Occupation of the Rhineland (1936)
Rhineland was demilitarized post WWI under the Treaty of Versailles. Germany had political control in this area but it was not allowed any troops into the Rhineland. German forces remilitarized the Rhineland under Hitler’s control on Saturday, March 7, 1936. If France or Britain were to oppose, the German army was to demilitarize the Rhineland. Hitler had said “If France had then marched into the Rhineland, we would have had to withdraw with our tails between our legs." However France and Britain made no efforts to prevent Germany from militarizing the Rhineland. When France did not interfere, Hitler felt confident he could expand into Eastern Europe. Hitler believed term of Treaty of Versailles were inappropriate for Germany. Germany wanted to remilitarize because Hitler wanted to strengthen its borders, regain the lost control, protect Germany from French attack and economic crisis facing Germany.
Concepts Surrounding the Occupation of the Rhineland
The major concepts involved were national security, regional security and appeasement and expansionism.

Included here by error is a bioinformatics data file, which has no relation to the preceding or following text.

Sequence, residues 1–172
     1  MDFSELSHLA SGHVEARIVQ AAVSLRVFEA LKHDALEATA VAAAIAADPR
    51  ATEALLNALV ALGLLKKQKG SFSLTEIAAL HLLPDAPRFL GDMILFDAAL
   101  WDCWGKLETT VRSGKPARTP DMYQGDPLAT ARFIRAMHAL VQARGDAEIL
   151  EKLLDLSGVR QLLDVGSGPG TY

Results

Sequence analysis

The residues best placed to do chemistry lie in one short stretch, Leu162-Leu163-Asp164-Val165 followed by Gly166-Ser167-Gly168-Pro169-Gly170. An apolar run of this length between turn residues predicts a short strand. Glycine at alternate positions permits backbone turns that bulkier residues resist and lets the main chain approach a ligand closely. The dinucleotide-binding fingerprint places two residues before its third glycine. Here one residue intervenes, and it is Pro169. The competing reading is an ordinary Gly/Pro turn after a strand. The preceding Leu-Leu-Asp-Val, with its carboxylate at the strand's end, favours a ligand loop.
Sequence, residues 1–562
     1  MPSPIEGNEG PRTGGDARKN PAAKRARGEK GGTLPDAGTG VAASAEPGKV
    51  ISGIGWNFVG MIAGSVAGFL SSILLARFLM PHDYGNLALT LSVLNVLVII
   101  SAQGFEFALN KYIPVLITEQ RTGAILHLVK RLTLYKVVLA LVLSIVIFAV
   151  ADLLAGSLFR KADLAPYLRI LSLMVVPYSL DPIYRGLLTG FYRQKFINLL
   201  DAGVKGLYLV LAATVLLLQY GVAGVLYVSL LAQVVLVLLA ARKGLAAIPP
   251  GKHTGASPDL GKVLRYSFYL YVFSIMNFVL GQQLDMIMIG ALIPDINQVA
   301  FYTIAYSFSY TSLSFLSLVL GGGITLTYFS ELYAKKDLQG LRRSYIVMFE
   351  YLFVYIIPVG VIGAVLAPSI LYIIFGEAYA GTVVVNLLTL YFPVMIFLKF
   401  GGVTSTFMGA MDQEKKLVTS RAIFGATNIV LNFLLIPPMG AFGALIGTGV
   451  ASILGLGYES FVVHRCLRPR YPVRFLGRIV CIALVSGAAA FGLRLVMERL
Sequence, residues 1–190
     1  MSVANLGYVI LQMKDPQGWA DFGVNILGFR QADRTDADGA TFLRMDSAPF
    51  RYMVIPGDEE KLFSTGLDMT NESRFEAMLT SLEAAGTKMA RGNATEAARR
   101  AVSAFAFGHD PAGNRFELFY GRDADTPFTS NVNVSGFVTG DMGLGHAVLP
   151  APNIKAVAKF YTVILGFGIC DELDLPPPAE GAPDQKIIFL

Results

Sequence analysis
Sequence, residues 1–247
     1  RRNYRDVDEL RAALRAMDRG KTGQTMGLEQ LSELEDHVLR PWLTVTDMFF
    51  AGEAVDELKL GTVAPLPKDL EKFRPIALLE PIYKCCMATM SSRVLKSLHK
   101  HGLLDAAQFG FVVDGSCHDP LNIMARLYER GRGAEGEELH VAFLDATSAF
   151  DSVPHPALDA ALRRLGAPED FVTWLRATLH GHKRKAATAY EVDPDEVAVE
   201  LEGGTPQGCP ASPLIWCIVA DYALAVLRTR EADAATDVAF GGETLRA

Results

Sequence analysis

How the Occupation of the Rhineland Contributed to World War Two
The Occupation of Rhineland was against the Treaty of Versailles because Germany was not allowed to remilitarize the Rhineland area. Due to this, tension among the countries had increased because it was against the Treaty of Versailles. Despite that fact, however, no actions had been taken against Germany by England or France. This gave Germany the opportunity to expand into Eastern Europe.
Germany remilitarized Rhineland because it wanted to strengthen its borders for national security as well as regional security. Germany believed they had been treated unequally because every other nation was allowed to have an army. Appeasement also played a role because France and Britain did not want to get involved in a war.
In conclusion, Occupation of Rhineland increased the tension among the countries and greatly contributed to WWII.